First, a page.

We're in Hobart!
Last night we stayed in Queenstown and this morning we headed off towards Hobart with no plans to get there today, we would if we could.
We headed off to the first stop at Derwent Bridge where there is a Wilderness Wall. The wilderness Wall is going to be 100 metres long and it appears to be about 2 metres high. The sculptor who is doing the work has given himself 10 years to complete the project and he reached the half way mark in March this year. The work is absolutely fabulous and the detail in is fantastic. He has figures of miners and timber getters where you can see the veins in their hands and arms. I don't think I would have anywhere near the patience to do any of it. As you go into the building that has been built for the wall there are some examples of his work. There are leather gloves that he has carved out of a piece of wood that look so real. Will have to go back in 5 years time to see the finished work.
From Derwent Bridge where there is a bridge over the Derwent River we headed towards a town called Hamilton. There was some impressive scenery along the way. There were some areas where there was thick scrub right up to the road, some where it was wide open and very marshy and some with a mixture of everything. About 20 minutes after Derwent Bridge we stopped in the centre of Tasmania for morning tea. There was a shelter with tables where we stopped and Phill went for a walk to stretch his legs and found a cairn set up by the surveyors of Tasmania which in the geographical centre of Tasmania. I suppose I am stretching the truth to say we had morning tea there, actually we were about 10 metres away.
After morning tea we headed towards Hamilton. Where we went was through a lot of country that is being used for hydroelectricity, either for water storage or power stations.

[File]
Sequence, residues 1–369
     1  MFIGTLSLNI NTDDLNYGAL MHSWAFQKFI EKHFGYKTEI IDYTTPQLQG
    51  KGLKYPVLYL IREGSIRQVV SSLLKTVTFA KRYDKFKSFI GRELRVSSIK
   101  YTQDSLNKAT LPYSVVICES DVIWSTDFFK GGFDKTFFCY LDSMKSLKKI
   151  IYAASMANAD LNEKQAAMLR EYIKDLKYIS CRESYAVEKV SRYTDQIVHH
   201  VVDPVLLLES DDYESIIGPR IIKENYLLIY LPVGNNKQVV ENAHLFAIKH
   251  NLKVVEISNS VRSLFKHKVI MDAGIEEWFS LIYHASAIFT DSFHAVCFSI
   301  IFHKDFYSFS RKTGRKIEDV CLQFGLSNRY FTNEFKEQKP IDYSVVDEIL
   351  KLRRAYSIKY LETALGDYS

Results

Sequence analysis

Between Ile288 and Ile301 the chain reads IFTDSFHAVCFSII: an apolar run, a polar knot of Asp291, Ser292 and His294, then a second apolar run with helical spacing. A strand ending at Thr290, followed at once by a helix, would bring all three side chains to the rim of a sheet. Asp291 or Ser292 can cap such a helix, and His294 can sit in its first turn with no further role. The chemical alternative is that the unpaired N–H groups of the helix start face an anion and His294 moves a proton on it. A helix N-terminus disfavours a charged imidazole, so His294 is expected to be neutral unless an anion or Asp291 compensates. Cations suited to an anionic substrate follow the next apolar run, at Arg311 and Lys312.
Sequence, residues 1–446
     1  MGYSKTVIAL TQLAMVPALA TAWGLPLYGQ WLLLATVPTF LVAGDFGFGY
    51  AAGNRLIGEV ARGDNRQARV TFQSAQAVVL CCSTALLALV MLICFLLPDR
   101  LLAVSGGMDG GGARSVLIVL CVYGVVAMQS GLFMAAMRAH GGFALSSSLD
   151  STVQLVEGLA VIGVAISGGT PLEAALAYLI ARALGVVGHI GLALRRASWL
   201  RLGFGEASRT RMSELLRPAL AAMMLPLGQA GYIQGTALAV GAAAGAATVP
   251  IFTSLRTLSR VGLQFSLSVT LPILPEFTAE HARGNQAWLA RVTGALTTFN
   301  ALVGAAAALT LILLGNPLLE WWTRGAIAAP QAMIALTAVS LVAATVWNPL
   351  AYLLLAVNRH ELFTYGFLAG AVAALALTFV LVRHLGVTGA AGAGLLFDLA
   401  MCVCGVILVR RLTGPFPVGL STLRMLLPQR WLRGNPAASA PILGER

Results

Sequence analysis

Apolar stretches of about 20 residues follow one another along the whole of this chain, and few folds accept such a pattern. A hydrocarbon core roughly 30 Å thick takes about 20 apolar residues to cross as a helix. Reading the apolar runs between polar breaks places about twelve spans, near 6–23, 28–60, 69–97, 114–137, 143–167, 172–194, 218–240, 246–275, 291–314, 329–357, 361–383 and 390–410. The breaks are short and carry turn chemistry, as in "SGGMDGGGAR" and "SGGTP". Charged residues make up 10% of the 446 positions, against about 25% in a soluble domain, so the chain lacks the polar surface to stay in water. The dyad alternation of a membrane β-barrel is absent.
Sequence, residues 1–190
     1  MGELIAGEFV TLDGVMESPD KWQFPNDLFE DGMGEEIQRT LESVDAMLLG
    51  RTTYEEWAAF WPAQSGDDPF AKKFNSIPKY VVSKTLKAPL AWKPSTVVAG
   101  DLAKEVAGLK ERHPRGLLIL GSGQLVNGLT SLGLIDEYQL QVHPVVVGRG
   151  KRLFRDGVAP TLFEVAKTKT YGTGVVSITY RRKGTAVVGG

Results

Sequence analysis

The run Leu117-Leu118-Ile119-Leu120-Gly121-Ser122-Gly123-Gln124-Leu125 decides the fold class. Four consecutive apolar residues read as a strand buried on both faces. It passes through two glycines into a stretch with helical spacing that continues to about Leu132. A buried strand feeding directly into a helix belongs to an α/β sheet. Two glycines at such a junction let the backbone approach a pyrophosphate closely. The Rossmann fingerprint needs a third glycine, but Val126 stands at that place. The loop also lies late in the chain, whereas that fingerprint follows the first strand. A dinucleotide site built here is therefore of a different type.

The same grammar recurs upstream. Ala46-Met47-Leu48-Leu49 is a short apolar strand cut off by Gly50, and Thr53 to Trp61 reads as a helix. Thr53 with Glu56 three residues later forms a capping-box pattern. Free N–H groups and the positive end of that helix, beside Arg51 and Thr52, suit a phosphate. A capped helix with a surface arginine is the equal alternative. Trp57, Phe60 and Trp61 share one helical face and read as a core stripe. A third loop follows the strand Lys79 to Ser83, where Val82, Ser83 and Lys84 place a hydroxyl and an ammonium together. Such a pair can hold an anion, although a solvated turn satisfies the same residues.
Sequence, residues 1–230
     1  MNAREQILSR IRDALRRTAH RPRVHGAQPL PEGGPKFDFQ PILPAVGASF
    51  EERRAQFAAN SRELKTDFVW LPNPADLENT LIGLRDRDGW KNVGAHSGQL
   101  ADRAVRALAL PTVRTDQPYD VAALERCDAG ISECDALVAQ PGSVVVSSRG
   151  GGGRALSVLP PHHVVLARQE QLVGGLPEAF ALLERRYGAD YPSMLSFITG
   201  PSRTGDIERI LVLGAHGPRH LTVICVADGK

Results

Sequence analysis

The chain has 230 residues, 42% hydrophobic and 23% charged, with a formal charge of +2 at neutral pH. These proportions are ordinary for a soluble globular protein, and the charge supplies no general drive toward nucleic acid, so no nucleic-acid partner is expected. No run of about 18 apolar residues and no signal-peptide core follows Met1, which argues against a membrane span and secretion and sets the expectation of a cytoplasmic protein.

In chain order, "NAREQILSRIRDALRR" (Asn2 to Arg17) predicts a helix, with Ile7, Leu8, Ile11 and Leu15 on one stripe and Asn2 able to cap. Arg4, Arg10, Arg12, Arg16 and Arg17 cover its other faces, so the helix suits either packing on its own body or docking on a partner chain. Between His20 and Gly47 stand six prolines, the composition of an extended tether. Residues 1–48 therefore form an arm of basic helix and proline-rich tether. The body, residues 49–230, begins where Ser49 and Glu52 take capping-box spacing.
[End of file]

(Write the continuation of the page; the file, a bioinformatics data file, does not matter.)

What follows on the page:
It was interesting to see some of the water storage. We went across one of the storage dams that was made of rock fill with a clay core. It was called Binney Dam that held 26 million cubic metres of water. This was only one of a number (not sure how many) storage dams that were in the central highlands. There are large canals the deliver water to the pipes that take the water to the turbines. So much water everywhere. Looked a bit cold to swim in though.
There were quite a few old churches on the way. In the village of Ouse there were 2 beautiful churches, one Roman Catholic and the other Anglican. The Anglican Church was built in 1842 and 43. There is so much old architecture down in this state that it is hard not to see any. We had lunch at the hotel in Hamilton. It was built from 1826 to 1838, first as a shop and residence and in 1838 it was licensed. Very thick walls. In some places when you went through a door it felt like going through a tunnel. The walls were about 400 mm thick.
The trip from Hamilton to Hobart passed next to the Derwent River a lot of the way. We also came across another really old church which was built in 1848. Unfortunately the ravages of time are taking their toll. It has some steel frames reinforcing either end of the building to keep the walls upright. There was also a cemetery at the church with some of the graves dating back to the middle of the 1800's. Interesting reading some of the inscriptions on the headstones.
We are staying at the Graham Apartments in New Town. They are quite nice and we have a ground floor apartment which means no climbing of stairs. It has all we should need for the 5 days we are booked. It has a full sized stove and microwave so will be able to do some cooking for ourselves. Tomorrow we will be heading for the Salamanca Markets which open at 8.30.
It's so cold down here in Tasmania, even the fence posts are wearing beanies.